PRESIDENT BIDEN: No industry has taken a greater advantage of Trump’s offshoring tax loopholes than the pharmaceutical industry. Big Pharma lobbied Trump for a handout. That’s exactly what they got from him. Farmers building, US pharma, is building factories overseas instead of the United States, skipping out on having to pay US taxes.

LAURA FLANDERS: What’s your response?

JOE GOUZD: Okay, so if I saw that correctly and I heard that message from President Biden, the only thing that’s changed is the seven months of he being in office. We were told by the United Steelworkers that we’re going to see a noticeable difference come March and April. The noticeable difference is it’s gotten worse. I thought the motto was to bring jobs to the United States to restore America. The response from those people who are politically responsible for the wellbeing of our country and keeping jobs in domestic manufacturing in the United States should be ashamed of themselves.

IXYA VEGA: I’m running for city council to ensure that young people have a seat at the table and so that young people feel like they have a voice here and they feel like they can stay. Young people are a crucial part of the community and by investing in young people and opening up opportunities for us to be involved, we can create lasting change in Morgantown and make this a place young people want to stay.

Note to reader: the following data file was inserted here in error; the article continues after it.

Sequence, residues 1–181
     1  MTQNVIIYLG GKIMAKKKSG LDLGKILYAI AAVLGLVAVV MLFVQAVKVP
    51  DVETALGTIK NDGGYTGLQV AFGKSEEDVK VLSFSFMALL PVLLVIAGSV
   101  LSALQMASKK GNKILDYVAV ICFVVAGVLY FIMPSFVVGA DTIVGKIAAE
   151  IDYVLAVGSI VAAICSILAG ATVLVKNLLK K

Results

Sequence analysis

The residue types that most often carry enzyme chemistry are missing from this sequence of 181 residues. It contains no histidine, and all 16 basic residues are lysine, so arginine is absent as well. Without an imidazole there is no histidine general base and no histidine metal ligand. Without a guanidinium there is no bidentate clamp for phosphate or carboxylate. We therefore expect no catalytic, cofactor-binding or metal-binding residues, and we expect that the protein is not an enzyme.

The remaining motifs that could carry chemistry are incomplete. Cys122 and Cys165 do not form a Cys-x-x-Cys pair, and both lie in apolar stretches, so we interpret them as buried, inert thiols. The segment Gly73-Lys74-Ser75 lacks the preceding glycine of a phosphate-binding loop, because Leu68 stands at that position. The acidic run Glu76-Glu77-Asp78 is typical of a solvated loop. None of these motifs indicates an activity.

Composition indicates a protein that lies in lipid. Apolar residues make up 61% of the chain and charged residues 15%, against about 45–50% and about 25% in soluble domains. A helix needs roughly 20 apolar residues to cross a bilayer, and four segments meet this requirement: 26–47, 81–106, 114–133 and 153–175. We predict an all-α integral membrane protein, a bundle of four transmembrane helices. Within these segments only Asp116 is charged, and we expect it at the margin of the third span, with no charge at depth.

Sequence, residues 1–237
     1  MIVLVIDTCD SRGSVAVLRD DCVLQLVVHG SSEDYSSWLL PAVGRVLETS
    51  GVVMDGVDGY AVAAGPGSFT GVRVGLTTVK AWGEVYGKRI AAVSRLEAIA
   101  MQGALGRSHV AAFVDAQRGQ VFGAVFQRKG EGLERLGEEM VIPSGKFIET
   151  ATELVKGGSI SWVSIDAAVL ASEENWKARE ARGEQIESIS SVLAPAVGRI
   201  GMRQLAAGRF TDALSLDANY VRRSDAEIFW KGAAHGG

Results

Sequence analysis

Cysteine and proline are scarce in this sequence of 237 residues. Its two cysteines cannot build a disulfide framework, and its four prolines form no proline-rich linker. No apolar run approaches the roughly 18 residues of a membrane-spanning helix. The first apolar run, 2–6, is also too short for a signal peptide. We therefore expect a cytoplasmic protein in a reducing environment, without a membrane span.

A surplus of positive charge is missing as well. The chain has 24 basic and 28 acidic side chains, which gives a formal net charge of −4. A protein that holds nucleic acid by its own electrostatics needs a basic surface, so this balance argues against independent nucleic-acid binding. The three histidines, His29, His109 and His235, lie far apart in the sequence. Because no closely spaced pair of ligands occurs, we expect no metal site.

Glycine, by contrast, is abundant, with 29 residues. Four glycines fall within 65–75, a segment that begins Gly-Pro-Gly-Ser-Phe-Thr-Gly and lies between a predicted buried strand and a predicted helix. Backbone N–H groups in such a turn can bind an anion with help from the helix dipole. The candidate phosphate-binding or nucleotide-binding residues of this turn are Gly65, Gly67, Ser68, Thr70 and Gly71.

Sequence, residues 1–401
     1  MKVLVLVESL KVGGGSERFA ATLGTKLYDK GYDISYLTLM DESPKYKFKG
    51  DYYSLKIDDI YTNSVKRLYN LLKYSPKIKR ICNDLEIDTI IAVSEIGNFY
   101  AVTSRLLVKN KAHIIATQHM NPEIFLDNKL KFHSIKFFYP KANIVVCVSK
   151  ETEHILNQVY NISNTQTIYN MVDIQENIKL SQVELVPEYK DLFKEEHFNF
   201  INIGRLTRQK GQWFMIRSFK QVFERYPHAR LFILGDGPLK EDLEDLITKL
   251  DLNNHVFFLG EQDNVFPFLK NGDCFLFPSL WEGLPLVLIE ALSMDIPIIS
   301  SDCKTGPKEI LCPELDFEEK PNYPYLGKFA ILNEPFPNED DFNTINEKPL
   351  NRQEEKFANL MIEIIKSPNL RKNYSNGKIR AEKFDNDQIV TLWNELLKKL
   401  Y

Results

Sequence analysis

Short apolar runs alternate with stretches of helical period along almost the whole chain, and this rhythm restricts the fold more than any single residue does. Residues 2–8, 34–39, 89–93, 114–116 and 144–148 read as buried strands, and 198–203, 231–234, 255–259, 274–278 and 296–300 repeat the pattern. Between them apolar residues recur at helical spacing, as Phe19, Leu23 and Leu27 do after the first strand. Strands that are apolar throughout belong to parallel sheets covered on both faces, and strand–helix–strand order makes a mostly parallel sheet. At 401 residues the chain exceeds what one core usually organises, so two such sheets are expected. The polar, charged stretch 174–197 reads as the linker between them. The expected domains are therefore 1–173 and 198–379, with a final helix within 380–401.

LAURA FLANDERS: Ixya Vega is a 23-year-old daughter of immigrants who ran for city council here in Morgantown directly out of college and got herself elected, becoming the only BIPOC member of the council. I sat down with her here at her home with Jenny Craig, another union member, public school teacher and an organizer with Our Revolution. They have a vision that could be bright of the future here in West Virginia, and very serious concerns about what could happen if this plant closure goes ahead.